Pandemic disrupts surgeons’ training, forces new ways of teaching
Hospitals’ abrupt cancellation of elective surgeries and procedures last spring due to COVID-19 posed a problem for new doctors attempting to complete their training at these hospitals, according to local orthopedic surgeon Dr. Thomas Myers.
In the hospital system, a resident is a doctor who has already graduated from medical school and earned a medical doctorate and now is completing his or her training in a specific field, such as internal medicine or general surgery. Fellows are doctors who have completed their residencies and are training to be a specific type of doctor, such as a cardiologist or a neurosurgeon. Myers, who specializes in total hip and knee replacements, teaches aspiring orthopedic surgeons through his role as an assistant professor in the University of Rochester’s Department of Orthopedics and Rehabilitation.
Prior to last March, Myers’ fellows typically gained much of their instruction by observing and participating in the operating room. When elective surgeries were cancelled due to COVID-19-related concerns, most joint replacements were cancelled, with the exception of joints that had become infected or posed an immediate threat to patients, Myers said. This meant that surgical fellows in such fields as orthopedic surgery missed out on crucial months of training, he added.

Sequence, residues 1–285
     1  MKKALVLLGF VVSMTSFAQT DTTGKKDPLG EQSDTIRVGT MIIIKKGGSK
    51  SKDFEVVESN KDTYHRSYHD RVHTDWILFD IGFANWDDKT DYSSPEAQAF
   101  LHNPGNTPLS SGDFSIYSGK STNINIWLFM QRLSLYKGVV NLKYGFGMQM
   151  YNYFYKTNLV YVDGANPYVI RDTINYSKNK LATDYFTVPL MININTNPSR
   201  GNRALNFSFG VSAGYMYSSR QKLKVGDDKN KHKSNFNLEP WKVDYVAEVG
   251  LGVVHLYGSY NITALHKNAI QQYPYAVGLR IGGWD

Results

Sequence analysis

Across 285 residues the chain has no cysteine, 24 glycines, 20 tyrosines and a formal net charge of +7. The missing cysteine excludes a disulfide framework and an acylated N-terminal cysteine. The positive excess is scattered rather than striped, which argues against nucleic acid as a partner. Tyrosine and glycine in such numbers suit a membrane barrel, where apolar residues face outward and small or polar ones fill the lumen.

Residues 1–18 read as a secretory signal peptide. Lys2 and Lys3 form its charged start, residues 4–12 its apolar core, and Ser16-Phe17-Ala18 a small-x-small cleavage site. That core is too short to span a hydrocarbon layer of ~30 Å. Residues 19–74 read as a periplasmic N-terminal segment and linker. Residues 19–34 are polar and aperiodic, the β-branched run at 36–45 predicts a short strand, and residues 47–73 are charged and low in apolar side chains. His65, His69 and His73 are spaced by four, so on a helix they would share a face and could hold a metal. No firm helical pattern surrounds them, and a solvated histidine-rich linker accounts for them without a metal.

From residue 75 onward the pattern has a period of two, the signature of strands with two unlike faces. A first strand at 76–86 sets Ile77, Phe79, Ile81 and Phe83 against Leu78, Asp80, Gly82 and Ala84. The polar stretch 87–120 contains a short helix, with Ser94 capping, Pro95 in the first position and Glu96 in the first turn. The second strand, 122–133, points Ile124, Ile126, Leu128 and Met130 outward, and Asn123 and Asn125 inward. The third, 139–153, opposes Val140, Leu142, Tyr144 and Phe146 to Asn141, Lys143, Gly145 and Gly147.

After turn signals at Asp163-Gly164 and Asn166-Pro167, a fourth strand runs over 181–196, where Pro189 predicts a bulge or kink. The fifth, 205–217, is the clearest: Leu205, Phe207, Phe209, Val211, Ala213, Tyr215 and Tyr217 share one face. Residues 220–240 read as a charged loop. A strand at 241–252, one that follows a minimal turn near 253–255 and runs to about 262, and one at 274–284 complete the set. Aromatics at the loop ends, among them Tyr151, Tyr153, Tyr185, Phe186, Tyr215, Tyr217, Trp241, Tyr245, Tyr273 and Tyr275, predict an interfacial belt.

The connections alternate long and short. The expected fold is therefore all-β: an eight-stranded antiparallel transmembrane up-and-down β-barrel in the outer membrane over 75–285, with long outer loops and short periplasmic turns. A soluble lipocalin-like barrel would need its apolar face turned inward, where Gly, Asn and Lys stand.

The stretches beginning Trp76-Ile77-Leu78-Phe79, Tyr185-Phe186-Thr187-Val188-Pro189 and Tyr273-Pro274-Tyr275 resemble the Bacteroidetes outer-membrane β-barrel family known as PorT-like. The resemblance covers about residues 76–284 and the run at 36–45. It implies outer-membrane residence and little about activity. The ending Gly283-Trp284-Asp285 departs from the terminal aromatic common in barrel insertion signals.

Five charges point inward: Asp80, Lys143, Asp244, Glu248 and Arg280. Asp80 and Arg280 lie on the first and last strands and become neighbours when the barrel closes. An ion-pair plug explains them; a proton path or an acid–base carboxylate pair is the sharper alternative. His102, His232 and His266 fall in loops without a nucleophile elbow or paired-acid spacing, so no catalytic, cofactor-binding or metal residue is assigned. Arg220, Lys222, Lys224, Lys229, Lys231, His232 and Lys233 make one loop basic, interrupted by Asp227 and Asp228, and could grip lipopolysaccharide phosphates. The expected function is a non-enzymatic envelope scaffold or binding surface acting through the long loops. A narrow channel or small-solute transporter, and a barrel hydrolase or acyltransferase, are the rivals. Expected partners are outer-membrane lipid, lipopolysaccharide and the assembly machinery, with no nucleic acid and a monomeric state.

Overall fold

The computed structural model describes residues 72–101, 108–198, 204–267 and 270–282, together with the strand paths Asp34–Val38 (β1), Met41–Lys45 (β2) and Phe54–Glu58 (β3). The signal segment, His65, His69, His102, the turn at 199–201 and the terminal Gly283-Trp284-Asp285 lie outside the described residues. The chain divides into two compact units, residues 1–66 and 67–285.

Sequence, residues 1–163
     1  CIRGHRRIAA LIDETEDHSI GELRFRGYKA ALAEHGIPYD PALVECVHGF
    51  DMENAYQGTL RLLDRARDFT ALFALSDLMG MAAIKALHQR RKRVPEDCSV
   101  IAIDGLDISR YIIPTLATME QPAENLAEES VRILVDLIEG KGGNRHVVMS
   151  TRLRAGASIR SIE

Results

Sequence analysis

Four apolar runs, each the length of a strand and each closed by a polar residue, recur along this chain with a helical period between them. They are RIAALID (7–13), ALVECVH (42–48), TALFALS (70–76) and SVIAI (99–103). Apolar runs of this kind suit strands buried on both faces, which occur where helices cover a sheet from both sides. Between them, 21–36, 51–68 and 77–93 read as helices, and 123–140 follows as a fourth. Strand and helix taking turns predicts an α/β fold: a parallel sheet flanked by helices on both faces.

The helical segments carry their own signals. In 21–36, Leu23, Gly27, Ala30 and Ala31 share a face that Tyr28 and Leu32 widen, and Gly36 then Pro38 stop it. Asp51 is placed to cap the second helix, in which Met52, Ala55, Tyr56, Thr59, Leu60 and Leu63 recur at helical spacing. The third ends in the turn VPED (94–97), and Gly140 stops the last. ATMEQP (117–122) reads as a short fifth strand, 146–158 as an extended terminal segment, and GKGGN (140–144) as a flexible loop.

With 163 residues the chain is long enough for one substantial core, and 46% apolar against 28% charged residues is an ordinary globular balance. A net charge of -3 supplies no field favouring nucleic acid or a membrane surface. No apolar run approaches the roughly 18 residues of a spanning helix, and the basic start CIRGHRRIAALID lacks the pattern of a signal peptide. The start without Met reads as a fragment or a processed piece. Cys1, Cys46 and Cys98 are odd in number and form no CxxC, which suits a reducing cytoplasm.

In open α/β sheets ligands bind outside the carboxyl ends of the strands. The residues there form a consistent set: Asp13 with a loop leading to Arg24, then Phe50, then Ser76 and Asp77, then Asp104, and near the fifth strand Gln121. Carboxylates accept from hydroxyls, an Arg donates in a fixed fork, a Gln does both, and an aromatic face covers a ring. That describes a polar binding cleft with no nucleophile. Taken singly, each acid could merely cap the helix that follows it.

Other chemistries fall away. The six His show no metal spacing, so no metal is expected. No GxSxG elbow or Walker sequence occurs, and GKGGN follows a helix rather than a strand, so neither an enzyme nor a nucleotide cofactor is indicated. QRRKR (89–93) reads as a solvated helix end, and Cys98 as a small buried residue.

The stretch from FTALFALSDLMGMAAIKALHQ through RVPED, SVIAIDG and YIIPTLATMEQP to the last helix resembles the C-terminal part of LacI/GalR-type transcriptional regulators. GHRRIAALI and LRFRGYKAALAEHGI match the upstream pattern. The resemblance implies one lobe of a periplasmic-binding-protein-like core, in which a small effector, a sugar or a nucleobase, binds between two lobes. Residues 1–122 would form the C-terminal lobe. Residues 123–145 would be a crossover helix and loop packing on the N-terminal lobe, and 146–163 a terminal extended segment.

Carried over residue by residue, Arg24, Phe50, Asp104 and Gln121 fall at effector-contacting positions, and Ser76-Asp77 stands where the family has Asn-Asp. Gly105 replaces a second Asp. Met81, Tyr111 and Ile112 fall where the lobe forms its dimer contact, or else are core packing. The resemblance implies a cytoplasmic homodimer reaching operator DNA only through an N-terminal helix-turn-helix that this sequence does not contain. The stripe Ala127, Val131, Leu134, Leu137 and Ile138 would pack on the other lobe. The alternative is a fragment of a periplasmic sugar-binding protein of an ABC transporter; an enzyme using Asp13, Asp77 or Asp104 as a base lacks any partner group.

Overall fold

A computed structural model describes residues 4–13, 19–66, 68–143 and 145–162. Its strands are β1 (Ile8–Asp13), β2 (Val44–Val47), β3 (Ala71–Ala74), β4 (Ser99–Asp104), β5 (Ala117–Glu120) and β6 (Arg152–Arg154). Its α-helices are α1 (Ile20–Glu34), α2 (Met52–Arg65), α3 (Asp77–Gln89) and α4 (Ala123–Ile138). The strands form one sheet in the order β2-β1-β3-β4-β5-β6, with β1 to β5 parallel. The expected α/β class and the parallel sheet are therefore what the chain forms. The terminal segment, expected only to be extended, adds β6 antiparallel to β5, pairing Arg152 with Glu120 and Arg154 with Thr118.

However, the pandemic also forced the doctors responsible for teaching these fellows to devise new ways to teach their students, he noted.
“Missing time in the OR is never a good thing, but … there are some good things that came out of it that otherwise wouldn’t,” Myers said. “Prior to COVID, we didn’t really have a condensed or focused curriculum. “It kind of gave us all time to sit back and think about how we could standardize the educational process for fellows.”
Surgeons explored ways to use Zoom or other online videoconferencing platforms to hold simultaneous lectures for students from different institutions, for example. Through such videoconferences, these surgeons could share cases with each other and their students, learn from each other and talk about how they worked through challenging cases, Myers said.
Hands-on experience in the operating room is ideal, he said, but such conversations can be equally valuable.
“Actually having to cut the bone isn’t necessarily the most important part,” he said. “The most important part is simulating the experience of how do you approach a difficult situation. We still had a lot of interaction, even if it’s just talking through cases, which is a form of simulation.”